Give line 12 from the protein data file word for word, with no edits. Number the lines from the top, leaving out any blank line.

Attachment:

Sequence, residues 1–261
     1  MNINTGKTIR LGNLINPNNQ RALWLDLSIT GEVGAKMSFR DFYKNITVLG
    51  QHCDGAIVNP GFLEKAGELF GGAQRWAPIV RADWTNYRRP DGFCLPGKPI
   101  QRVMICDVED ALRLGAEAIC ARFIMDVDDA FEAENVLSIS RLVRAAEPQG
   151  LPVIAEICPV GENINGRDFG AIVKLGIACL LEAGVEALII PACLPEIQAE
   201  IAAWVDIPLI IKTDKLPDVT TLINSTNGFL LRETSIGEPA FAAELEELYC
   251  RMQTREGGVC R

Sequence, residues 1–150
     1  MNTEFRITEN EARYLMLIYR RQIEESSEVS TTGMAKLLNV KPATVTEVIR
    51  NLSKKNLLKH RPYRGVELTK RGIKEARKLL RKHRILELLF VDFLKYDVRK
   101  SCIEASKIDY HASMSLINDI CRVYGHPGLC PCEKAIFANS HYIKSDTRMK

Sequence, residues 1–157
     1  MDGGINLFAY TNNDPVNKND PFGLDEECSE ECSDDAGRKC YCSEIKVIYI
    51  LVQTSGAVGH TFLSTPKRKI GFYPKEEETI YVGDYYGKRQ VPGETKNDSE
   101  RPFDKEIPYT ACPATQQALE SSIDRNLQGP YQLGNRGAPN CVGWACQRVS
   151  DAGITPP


Sequence, residues 1–157